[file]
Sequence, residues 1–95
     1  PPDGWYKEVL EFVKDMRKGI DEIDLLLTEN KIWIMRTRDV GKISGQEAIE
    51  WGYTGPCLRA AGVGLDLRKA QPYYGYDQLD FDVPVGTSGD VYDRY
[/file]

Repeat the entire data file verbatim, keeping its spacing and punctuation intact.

Sequence, residues 1–95
     1  PPDGWYKEVL EFVKDMRKGI DEIDLLLTEN KIWIMRTRDV GKISGQEAIE
    51  WGYTGPCLRA AGVGLDLRKA QPYYGYDQLD FDVPVGTSGD VYDRY